With the Victorian budget in a strong position, Jesuit Social Services has welcomed investment in family violence, social housing and mental health initiatives.
Jesuit Social Services CEO Julie Edwards said the unprecedented commitment to reducing family violence was a watershed moment and welcomed the full package of announcements.
However, Ms Edwards said that at a time of such significant spending on serious social issues, she was disappointed to see the bulk of law and order spending committed to policing and imprisonment rather than prevention and early intervention.
“I acknowledge the government’s commitment to expand of the Navigator program, invest $28.6 million over four years in specialist mental health services for young people aged 16-24 at risk of entering the justice system and provide $3.4 million over two years for a youth remand court to speed up processing of young people held without conviction – these measures will help but we need a greater focus on prevention and intervention including smart, targeted investment based on evidence of what works.
“While these announcements are welcome, the spending pales in comparison to the $2 billion committed to police and $288 million for a new supermax youth justice facility.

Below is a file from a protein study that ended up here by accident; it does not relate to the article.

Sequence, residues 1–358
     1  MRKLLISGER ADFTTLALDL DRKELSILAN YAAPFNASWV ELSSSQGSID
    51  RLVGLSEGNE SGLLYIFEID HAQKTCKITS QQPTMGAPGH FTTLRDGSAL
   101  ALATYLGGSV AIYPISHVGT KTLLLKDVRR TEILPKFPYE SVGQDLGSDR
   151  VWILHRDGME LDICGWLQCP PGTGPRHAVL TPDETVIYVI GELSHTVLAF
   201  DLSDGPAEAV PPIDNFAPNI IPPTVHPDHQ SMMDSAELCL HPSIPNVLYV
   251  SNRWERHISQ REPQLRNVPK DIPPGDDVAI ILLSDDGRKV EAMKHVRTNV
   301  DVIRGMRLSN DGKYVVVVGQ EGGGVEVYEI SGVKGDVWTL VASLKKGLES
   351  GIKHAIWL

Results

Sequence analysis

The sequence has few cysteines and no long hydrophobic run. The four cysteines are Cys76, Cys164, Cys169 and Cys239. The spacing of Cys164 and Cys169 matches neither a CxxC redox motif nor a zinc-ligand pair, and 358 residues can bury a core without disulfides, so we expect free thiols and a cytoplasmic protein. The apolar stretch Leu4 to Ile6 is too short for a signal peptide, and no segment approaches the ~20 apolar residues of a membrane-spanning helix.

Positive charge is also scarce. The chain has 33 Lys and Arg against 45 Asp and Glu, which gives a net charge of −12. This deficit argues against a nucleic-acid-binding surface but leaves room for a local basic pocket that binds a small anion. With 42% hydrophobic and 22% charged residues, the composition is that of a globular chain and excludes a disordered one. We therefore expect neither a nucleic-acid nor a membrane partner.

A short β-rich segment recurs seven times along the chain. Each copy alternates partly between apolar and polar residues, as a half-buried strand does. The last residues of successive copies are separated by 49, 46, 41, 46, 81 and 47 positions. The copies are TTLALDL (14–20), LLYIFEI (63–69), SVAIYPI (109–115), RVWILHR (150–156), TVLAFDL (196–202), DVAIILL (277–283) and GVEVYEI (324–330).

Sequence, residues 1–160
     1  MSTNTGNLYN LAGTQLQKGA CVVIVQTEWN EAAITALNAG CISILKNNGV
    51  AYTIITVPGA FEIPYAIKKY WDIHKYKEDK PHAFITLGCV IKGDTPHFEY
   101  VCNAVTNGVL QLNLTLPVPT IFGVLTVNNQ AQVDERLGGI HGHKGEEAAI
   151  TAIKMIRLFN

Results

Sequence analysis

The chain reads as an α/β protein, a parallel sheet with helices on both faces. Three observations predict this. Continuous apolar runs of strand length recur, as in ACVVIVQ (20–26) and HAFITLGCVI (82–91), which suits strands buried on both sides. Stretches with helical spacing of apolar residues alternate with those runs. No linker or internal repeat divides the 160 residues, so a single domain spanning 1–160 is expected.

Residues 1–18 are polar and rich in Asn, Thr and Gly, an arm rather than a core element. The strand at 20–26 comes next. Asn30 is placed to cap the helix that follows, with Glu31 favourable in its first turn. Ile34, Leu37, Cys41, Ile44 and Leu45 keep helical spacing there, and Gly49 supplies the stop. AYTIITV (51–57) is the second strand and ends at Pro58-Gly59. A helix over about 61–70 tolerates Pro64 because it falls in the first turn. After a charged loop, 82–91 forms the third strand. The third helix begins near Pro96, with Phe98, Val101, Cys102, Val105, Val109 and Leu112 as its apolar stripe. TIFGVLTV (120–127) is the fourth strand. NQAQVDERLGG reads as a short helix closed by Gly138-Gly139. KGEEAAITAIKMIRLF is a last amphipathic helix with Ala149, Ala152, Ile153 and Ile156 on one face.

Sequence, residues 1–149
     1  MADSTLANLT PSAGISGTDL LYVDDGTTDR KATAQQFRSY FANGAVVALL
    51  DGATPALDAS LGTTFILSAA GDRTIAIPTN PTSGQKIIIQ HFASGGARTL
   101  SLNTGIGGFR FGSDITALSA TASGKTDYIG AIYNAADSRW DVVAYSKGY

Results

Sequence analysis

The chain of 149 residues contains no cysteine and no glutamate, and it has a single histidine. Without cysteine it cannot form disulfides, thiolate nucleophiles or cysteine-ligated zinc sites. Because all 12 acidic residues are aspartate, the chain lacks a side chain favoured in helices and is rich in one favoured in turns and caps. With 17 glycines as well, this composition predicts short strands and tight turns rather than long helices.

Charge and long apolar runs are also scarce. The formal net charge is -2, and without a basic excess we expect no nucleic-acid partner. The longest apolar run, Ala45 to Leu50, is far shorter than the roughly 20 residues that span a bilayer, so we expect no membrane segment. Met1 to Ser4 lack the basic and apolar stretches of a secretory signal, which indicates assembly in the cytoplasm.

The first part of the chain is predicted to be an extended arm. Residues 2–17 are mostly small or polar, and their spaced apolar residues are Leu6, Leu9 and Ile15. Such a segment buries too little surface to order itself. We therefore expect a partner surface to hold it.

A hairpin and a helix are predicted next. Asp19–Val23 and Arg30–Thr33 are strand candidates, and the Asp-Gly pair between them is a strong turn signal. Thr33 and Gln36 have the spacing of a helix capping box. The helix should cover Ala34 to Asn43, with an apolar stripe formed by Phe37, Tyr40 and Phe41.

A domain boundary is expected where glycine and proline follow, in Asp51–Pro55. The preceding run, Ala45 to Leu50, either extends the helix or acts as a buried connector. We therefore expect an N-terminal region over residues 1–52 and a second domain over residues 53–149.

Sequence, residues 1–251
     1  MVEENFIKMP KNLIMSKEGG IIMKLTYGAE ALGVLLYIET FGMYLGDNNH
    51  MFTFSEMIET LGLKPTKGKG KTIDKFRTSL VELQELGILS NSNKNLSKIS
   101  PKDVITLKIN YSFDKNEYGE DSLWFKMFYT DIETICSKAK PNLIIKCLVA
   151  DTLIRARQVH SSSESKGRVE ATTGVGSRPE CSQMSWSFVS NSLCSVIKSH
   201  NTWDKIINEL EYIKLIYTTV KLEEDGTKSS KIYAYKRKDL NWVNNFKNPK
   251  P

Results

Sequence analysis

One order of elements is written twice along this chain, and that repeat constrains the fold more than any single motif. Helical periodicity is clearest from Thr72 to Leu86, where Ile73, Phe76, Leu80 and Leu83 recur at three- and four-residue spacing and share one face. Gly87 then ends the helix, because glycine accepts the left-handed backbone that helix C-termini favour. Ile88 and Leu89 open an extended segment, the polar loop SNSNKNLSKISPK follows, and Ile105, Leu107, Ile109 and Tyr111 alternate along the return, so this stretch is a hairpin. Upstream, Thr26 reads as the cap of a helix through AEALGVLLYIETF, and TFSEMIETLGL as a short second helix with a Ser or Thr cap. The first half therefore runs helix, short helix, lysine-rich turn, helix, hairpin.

“We currently have record numbers in our adult prisons, historically high recidivism rates and around 80 per cent of young people in detention being held on remand without conviction.
“We support measures to keep the community safe. The Victorian Government commissioned a review into the youth justice system – an extensive process that engaged key stakeholders with extensive knowledge and experience – and I am pleased to hear Minister Mikakos commit to funding a range of programs and interventions as a result of the review.
“I remain hopeful the government will soon invest in the necessary reforms required to fix the system – preventing crime in the first place and helping young people who offend to turn their lives around. If this doesn’t happen we’re not going to see the safe community we all want. Without this investment it’s a bit like locking the gate once the horse has bolted.”
In its budget submission, Jesuit Social Services called on the government to:
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